Choice of law as a conflict of laws mechanism to resolve disputes arising from cross-border civil and commercial activities has become a pressing matter in China as a result of the nation's rapid economic growth and a significant increase in foreign business engagement. The adoption of the Choice of Law Statute is the latest development in the conflict of laws legislation in China. Driven by the need to cope with ever-escalating civil disputes that contain foreign elements, the Choice of Law Statute intends to provide a choice of law scheme by which the application of law is dealt with in a more certain and predictable way in China.
In comparison with other countries, China does not have a rich experience in conflict of laws. The Choice of Law Statute thus draws a great deal from foreign laws and international conventions. Nonetheless, the Statute also strikes to stand on the footing of Chinese reality. The Choice of Law Statute reflects a number of foreign approaches and international rules in choice of law and combines these elements with the existing practice and legislative preference of China.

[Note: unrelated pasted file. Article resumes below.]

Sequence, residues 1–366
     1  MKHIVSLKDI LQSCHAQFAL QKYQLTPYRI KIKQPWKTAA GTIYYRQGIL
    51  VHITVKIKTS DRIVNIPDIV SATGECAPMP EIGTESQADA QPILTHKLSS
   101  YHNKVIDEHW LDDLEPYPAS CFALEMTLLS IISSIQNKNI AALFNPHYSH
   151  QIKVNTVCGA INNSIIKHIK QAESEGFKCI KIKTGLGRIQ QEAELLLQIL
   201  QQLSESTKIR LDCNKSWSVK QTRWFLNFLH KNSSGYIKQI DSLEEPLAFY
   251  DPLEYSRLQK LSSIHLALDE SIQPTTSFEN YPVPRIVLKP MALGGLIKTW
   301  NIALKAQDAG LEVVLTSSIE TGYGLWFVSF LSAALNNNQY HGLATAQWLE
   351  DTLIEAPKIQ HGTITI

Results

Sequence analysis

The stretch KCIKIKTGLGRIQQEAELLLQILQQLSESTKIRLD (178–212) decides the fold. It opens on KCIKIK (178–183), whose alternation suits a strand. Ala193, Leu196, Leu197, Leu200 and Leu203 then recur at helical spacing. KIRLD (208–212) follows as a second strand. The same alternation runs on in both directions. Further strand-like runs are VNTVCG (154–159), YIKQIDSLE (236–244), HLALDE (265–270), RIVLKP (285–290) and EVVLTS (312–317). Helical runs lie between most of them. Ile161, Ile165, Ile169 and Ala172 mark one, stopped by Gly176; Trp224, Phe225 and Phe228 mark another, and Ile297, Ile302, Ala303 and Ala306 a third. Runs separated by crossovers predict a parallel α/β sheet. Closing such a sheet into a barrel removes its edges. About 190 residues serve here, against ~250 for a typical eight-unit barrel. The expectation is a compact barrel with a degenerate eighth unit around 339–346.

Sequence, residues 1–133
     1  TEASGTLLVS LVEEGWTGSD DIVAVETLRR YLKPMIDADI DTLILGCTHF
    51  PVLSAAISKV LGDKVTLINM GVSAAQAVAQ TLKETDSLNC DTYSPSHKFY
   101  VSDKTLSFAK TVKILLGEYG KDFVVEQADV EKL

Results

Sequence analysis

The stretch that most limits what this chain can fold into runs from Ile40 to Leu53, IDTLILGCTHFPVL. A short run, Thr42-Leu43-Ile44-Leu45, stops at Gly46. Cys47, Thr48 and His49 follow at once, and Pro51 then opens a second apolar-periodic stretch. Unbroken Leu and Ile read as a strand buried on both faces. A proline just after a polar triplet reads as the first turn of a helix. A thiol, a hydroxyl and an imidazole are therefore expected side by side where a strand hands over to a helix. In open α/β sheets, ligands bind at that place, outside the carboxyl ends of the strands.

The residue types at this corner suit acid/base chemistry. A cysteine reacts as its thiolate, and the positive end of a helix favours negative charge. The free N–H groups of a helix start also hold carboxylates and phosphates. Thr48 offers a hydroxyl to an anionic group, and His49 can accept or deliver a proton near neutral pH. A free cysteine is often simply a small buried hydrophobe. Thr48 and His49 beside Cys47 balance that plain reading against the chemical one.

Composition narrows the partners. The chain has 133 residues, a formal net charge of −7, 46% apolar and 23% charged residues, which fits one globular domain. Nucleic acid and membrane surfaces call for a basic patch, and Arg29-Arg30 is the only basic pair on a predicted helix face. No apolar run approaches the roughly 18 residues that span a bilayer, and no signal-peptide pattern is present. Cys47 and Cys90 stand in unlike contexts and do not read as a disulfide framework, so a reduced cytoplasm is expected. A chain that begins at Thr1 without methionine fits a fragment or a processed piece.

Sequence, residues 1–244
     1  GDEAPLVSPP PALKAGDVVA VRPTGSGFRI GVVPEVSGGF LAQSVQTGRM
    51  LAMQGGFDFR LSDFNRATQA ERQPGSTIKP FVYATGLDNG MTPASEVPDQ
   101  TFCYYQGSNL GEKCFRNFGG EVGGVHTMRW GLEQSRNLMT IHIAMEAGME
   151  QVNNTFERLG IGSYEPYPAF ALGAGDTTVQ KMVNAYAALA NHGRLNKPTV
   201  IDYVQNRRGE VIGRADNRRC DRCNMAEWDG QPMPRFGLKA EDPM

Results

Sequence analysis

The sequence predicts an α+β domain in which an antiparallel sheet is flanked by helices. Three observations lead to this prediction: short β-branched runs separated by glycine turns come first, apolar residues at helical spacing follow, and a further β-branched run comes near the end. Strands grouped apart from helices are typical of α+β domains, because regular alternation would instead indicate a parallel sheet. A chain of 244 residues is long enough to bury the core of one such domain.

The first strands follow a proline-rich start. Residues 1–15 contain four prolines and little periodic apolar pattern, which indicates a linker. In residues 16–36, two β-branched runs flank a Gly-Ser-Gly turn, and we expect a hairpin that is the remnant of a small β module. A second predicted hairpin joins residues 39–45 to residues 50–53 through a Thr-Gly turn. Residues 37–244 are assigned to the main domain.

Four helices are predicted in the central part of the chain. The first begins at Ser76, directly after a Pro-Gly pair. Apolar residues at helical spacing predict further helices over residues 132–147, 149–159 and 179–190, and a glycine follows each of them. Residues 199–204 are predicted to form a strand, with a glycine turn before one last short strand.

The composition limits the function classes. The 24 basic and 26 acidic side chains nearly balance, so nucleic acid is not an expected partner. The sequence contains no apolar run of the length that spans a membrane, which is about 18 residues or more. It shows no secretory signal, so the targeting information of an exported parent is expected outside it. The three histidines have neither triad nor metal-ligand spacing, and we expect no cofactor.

Zhonghua Renmin Gongheguo Shewai Minshi Guanxi Falu Shiyong Fa [Law of the People's Republic of China on the Laws Applicable to Foreign-Related Civil Relations] ( promulgated by Standing Comm. Nat'l People's Cong., Oct. 28, 2010, effective on Apr. 1, 2011), translated in Law of the People's Republic of China on the Laws Applicable to Foreign-Related Civil Relations, Conflict of Laws (Jan. 12, 2011), http://conflictoflaws.net/2011/p-r-chinas-first-statute-on-choice-of-law-translated-in-english/.